The Gay and Lesbian Fund of Colorado has seen a 94 percent increase in requested funding this year, a spike attributed to a sluggish economy, severe government cuts in social programs and relatively stagnant giving from other charitable organizations.
"We have more applications for grants than we can possibly fund," said director Mary Lou Makepeace.
In the first six months of 2004, the Colorado Springs-based fund received requests for $1.8 million from a variety of nonprofit groups, and granted $1.4 million.
By contrast, in the first six months of this year, nonprofits have asked for $3.5 million. Many applicants provide social services to the working poor and needy, and have seen their budgets slashed in recent years. With $700,000 in applications still pending, the Gay & Lesbian Fund has awarded $1.5 million.
Picking up the slack
Charley Shimanski, president of the Colorado Association of Nonprofit Organizations, says that last year, the vast majority of nonprofits saw budget reductions, a trend predicted to continue this year. At the same time, more than half saw an increase in demand for services -- another trend that Shimanski's organization expects to continue.
"More nonprofits are lining up at the foundation trough, if you will," he said.
Trudy Strewler, executive director for Court Appointed Special Advocates, a nonprofit that represents abused children in courtrooms, says cuts in government programs have more people looking for assistance from nonprofits -- which, in turn, is prompting those nonprofits to turn to foundations like the Gay and Lesbian Fund for funding.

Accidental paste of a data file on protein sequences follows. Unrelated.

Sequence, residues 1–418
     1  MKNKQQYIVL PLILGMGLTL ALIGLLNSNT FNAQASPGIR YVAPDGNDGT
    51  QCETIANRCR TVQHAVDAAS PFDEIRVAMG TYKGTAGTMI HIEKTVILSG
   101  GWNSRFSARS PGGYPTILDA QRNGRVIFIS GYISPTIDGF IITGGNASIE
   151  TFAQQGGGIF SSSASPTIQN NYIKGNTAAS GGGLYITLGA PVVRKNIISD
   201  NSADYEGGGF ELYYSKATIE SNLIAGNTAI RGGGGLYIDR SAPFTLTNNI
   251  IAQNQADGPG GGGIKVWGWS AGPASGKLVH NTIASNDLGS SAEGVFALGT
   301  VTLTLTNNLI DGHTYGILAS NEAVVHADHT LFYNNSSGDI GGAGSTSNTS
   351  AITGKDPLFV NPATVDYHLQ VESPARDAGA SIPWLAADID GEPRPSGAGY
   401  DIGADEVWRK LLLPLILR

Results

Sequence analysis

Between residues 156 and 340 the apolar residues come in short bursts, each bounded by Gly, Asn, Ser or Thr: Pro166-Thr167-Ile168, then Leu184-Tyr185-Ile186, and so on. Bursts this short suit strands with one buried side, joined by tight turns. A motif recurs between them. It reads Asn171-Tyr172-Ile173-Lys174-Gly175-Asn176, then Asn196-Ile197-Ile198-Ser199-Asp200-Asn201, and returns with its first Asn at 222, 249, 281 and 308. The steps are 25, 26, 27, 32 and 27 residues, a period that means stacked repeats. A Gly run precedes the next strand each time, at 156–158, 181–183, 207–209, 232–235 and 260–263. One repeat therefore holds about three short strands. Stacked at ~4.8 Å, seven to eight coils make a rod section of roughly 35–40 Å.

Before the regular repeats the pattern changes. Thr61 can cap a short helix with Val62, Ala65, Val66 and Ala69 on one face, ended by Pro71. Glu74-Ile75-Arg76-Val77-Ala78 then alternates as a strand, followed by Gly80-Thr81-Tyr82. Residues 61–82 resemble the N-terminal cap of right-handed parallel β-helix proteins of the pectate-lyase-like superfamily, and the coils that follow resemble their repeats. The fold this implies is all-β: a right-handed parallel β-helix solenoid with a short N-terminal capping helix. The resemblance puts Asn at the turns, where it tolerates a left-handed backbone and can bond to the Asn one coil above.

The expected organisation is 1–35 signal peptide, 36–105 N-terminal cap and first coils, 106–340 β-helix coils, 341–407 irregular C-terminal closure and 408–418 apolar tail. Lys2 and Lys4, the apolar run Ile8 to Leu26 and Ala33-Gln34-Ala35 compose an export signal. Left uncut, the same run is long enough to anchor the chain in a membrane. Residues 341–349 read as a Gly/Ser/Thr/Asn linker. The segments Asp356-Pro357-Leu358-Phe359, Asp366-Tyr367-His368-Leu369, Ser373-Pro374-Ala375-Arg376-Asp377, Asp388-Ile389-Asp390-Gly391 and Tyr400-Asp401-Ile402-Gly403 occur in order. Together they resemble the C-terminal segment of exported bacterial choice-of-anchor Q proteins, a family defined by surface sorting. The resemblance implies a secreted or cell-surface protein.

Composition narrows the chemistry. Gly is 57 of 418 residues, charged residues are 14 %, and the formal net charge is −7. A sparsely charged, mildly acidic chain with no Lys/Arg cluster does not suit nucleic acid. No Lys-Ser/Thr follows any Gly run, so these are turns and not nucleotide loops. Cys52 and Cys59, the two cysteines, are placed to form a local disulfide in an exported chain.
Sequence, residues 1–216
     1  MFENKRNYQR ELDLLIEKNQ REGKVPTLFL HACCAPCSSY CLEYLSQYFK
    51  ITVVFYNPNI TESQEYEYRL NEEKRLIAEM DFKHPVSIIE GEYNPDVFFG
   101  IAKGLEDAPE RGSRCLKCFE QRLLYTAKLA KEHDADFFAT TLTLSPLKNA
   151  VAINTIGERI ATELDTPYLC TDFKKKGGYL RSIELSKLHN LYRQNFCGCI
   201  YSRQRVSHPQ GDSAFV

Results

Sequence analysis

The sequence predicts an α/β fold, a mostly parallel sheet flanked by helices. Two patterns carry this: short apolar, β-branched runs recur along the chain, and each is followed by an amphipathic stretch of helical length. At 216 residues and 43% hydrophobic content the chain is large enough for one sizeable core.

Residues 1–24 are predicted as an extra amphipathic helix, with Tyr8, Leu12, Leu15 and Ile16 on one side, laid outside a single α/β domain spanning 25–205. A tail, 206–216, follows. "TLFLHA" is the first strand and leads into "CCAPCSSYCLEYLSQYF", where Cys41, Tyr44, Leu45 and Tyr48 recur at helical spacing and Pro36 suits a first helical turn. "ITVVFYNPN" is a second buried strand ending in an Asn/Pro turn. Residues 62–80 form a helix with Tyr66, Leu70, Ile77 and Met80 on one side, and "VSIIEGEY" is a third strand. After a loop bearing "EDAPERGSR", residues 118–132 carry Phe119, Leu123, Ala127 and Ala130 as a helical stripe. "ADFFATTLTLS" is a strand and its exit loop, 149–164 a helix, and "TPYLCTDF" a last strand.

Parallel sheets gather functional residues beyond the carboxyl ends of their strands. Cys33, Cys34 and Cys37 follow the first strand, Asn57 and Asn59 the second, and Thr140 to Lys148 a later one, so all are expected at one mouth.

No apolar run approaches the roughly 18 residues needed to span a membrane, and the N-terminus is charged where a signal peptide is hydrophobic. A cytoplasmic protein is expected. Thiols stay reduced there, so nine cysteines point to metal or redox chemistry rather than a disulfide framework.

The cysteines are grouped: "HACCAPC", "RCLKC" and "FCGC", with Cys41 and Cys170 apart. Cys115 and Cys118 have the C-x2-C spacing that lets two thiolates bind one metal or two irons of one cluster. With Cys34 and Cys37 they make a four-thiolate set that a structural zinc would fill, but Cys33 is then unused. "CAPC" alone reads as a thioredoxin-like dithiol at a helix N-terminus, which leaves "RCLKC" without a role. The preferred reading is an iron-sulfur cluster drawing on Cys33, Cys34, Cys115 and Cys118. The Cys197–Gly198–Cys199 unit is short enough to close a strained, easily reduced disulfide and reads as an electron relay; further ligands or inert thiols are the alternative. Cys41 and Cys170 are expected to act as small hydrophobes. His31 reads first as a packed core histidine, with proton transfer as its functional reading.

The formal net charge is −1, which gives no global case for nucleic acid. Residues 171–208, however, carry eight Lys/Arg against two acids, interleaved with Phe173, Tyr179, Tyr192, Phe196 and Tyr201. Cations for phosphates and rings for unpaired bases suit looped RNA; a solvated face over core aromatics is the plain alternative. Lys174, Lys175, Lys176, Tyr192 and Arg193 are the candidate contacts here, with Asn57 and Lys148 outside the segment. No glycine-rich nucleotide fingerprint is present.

For example, the White House has proposed the elimination of the Victims of Crime Act Fund, which pays for the local advocates who aid the victims of abusive crimes.
"There's more and more families whose needs are not met by social services," Strewler said. "Yet we, as nonprofits, can't pick up all the slack."
The Gay and Lesbian Fund, a private foundation that receives its assets from computer software mogul Tim Gill, doesn't fund just gay and lesbian causes. Over the years, it has put its money into a variety of programs -- everything from those that aid the victims of abuse to those that support classical music.
But earlier this year, the foundation announced it would consolidate several of its categories, eliminating one for "social justice" in the process.
That caught the attention of Dorothy Schlaeger, executive director of the Pikes Peak Justice and Peace Commission. She fears that funding pressures are leading the fund to more middle-of-the-road politics and, perhaps ultimately, a situation where it turns its back on long-time recipients like the commission, which is known widely in Colorado Springs for leading protests against the war in Iraq.
"They've been extremely helpful to us and we've benefited greatly from the support from them," Schlaeger said. "But it feels like it's pretty much [their] alternative voice falling by the wayside."
Makepeace denies the change has anything to do with politics and invites groups like Schlaeger's to apply for funds under the new civic leadership category.
But Schlaeger says that category, which includes "civic education" and "public policy reform," appears more limiting than the old social justice category.
"I think it would require some acrobatics to fit in their description," Schlaeger said, adding that time will tell whether the change is significant.
Either way, Makepeace acknowledges that the Gay and Lesbian Fund increasingly is faced with making tough decisions.
The fund also announced this year that if an organization is denied funding within a single year, it must wait 12 months to reapply.
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